One of my favorite Metafilter posts ever went up yesterday, documenting very recent shifts in the presentation and exploration of pro wrestling.
In brief, at the end of June a wrestler named CM Punk brought two things to an episode of RAW that many found surprising: rhetorical sophistication and the impression that he might actually be sincere in biting the hand that feeds him with comments about WWE’s practices, management, and fans. In other words, for a few minutes a WWE broadcast teetered between the experience of reality TV and the experience of reality.
Whether these phenomena are actually novel in WWE or not, CM Punk’s rant (the convincing delivery of which is truly bizarre when paired onscreen with John Cena’s unconvincing hurt-and-stunned act) caught the attention of the mainstream media. More to the Metafilter post’s point, the attention has perhaps been a threshold event for the respectability of writers who cover pro wrestling from an informed-fan point of view.
I can take or leave the smart wrestling bloggers in approximately the same way I can take or leave Television Without Pity coverage, but it’s nice to know that something as large, weird, recurrent, and American as WWE can be treated knowledgeably and not merely caught between the people who think fakery is its only salient quality and the people who don’t register its fakery as anything of particular interest.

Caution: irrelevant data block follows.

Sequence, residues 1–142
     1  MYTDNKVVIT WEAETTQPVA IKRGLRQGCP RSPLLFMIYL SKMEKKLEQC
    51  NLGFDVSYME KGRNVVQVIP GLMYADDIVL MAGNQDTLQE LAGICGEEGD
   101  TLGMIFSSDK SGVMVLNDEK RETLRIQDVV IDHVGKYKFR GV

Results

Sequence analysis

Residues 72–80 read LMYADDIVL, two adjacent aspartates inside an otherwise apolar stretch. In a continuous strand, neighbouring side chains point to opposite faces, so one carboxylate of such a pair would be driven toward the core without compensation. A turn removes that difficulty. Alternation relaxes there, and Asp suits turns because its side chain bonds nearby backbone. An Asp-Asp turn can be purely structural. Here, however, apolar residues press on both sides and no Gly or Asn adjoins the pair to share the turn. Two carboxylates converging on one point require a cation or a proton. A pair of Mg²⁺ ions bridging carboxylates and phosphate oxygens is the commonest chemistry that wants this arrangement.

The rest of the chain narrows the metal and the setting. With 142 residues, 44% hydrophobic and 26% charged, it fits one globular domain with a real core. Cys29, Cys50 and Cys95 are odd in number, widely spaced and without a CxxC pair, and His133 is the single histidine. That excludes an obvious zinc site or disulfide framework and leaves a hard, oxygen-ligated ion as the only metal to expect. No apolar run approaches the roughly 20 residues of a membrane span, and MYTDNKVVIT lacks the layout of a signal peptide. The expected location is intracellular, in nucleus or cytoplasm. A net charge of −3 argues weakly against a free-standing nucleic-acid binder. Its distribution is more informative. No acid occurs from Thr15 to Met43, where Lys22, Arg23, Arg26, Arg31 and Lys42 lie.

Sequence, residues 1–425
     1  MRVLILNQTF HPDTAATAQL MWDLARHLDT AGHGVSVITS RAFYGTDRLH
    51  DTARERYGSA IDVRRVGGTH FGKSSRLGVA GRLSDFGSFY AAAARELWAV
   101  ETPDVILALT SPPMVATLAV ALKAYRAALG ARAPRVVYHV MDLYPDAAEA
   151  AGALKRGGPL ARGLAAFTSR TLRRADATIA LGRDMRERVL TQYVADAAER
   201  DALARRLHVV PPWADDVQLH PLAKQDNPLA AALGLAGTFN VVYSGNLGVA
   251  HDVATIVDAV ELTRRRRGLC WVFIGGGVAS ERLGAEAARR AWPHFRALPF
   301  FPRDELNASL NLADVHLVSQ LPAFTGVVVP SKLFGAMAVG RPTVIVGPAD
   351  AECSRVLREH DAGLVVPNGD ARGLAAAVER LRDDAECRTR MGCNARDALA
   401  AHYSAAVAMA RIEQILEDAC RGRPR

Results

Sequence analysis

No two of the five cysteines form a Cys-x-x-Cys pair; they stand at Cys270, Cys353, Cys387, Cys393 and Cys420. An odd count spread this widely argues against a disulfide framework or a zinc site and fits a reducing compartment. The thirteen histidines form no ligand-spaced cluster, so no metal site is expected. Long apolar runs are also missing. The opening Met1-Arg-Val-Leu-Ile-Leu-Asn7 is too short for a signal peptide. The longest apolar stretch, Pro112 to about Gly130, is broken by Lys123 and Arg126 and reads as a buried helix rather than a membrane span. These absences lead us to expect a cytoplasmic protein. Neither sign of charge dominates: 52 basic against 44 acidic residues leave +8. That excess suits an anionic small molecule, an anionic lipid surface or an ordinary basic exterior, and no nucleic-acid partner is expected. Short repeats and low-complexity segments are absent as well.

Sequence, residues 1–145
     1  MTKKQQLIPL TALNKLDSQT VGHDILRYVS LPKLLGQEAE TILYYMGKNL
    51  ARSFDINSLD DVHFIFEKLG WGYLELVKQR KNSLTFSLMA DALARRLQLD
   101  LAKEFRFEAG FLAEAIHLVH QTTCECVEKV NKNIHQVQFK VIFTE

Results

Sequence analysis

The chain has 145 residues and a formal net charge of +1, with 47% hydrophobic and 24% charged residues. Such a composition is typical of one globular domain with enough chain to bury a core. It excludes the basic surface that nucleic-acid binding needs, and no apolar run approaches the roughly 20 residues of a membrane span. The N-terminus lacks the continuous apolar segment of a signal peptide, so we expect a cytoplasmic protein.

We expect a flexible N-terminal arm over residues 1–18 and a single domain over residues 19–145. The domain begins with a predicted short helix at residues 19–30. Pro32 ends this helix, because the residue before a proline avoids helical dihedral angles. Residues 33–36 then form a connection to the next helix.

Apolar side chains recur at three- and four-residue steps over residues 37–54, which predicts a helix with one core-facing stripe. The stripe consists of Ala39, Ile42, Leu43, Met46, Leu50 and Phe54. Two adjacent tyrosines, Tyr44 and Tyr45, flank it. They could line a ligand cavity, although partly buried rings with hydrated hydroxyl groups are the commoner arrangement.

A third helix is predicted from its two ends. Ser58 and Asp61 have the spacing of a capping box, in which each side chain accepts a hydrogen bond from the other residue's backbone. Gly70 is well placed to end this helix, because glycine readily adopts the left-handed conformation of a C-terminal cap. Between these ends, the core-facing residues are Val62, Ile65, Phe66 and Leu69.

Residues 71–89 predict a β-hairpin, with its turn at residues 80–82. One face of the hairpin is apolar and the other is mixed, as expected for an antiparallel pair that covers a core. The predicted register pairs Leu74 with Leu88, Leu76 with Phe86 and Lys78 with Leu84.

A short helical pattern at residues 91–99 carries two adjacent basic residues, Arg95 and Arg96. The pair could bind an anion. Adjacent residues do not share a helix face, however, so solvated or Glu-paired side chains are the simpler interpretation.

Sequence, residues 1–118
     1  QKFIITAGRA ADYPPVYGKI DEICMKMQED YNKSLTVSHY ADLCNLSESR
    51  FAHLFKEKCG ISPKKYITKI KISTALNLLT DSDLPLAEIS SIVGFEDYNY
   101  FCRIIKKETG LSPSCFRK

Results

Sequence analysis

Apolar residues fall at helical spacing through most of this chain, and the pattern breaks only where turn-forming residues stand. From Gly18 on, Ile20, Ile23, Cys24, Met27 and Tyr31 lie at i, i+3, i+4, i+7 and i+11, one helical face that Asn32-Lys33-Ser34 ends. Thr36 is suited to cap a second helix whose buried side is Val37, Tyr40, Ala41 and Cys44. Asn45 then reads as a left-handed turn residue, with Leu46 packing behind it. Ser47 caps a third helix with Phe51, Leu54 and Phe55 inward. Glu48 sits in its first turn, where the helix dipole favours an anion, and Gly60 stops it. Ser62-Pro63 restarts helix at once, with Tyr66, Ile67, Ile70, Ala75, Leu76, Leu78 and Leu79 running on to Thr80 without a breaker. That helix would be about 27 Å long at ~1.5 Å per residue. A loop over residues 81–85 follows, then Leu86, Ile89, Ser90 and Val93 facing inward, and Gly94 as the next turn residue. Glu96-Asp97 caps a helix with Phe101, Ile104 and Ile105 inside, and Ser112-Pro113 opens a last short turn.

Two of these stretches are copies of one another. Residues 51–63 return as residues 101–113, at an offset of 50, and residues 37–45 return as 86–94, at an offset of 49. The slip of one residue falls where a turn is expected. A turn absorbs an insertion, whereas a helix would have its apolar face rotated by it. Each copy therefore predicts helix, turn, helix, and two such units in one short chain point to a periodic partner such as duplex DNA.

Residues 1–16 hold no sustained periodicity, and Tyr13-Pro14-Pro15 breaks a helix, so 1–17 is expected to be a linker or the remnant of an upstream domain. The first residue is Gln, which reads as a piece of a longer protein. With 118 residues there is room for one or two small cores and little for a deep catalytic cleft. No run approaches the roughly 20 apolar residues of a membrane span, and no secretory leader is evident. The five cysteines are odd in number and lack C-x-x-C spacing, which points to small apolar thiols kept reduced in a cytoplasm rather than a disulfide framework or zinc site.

As for CM Punk, he’s done a fine job of bringing himself to prominence with charisma; a strange, smart populism; and streets-ahead savvy–but he’s clearly nobody’s revolutionary. He could be, though, perhaps the first non-lunkhead wrestling crossover star, and that could be a very good thing.
If, for instance, we continue needing to remake the everloving shit out of John Carpenter classics, then I believe I could get behind Punk taking Rowdy Roddy Piper’s place in They Live. (Don’t get your hopes up; it looks like they’re going to try to dumb down a Carpenter flick, which is truly some squaring-the-cirle, peace in the Middle East-level science!)
The other undeniable thing about Punk is that he reps Chicago hard. Why, he was even supposed to be on Q101 yesterday before that third fate did her job on the station. His demonstrations of civic pride are never subtle, and they don’t seem to be quite as smart as his phony anti-corporate rants, but given their context, they almost make it a little less embarrassing to admit I might want to watch wrestling this weekend. Samples: